Doctors throughout Europe already work in an environment full of advanced technology, including highly sophisticated diagnostic and surgical equipment and other state-of-the-art devices. These days, though, they also need to deal with the gadgets in the hands of consumers—their patients. And doctors have mixed feelings about the explosion of mobile apps, wearables and other digital tools aimed at boosting consumers’ awareness and control of their own health.
That’s not to say that medics don’t see essential value in a lot of the new tools on offer. According to the “Digital Doctor Report 2015” from Ipsos Healthcare, 72% of doctors polled in France, Germany and the UK had either used or recommended an app, online health forum or wearable technology in the previous year.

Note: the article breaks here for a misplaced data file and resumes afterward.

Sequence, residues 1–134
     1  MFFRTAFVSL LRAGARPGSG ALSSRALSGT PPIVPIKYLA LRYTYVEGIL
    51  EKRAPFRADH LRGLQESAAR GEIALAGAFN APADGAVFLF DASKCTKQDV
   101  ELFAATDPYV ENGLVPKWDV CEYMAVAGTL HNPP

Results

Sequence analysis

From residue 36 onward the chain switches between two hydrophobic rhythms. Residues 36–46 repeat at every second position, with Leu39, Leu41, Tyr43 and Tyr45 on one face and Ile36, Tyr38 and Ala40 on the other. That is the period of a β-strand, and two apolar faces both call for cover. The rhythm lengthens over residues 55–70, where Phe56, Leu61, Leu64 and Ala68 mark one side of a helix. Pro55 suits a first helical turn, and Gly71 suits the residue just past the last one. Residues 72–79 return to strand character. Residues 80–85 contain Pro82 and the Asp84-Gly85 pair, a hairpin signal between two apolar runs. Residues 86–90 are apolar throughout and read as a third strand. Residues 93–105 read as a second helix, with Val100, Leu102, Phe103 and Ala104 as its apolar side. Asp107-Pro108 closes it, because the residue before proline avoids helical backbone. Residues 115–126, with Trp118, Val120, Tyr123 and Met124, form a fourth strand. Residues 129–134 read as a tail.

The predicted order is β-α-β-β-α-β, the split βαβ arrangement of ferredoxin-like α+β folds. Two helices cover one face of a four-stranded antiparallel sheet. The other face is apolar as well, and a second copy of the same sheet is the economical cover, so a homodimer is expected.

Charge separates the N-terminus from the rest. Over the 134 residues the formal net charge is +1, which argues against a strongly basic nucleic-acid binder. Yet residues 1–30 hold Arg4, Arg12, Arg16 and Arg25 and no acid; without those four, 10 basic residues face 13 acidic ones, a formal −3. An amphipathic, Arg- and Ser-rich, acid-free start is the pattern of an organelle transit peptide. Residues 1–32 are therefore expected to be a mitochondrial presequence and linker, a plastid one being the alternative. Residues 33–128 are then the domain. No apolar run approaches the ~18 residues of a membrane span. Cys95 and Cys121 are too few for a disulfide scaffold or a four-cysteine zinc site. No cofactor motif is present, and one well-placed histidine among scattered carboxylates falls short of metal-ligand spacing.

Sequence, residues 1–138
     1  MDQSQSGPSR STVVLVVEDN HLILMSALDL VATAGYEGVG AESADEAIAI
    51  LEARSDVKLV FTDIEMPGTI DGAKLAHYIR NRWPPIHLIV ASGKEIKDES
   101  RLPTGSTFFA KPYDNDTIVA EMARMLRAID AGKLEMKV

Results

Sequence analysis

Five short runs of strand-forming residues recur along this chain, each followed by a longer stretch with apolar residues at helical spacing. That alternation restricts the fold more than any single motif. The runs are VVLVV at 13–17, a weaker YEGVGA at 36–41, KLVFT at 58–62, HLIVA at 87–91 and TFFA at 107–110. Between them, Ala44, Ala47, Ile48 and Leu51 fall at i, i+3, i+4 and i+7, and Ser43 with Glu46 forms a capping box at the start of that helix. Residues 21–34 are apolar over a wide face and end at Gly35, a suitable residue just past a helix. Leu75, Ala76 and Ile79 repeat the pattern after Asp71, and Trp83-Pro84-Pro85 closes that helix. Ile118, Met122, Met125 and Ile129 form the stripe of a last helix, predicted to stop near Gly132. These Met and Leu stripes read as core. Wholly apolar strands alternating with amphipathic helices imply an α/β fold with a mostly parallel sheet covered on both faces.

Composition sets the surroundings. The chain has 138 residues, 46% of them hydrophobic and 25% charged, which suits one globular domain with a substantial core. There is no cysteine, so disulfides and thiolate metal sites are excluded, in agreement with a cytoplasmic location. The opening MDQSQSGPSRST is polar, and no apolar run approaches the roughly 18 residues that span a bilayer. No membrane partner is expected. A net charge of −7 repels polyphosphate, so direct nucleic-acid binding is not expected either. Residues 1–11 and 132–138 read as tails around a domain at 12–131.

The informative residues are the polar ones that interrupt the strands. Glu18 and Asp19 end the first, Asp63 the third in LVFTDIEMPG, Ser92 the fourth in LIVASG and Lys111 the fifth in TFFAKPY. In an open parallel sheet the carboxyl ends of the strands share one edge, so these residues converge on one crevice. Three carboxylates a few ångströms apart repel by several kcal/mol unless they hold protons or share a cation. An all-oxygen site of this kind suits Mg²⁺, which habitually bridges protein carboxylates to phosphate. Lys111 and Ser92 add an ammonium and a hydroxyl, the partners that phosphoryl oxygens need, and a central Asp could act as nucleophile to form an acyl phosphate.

While four in every five doctors felt technology was increasingly important and would play a permanent role in healthcare, many were unsure what that role would be. For example, most doctors sampled by Ipsos were wary of overstating the benefits of mobile health apps. Some 13% said that mobile technology would eventually replace routine checkups for stable patients with chronic problems—but 26% disagreed. One in 10 said that disease/compliance monitoring apps used alongside drugs would become a prerequisite for patients being reimbursed by insurance companies for their health expenses—but 37% said this wouldn’t happen. Asked whether apps were key to improving patients’ adherence to health regimes, 15% of doctors said they agreed—but 21% said apps were not key.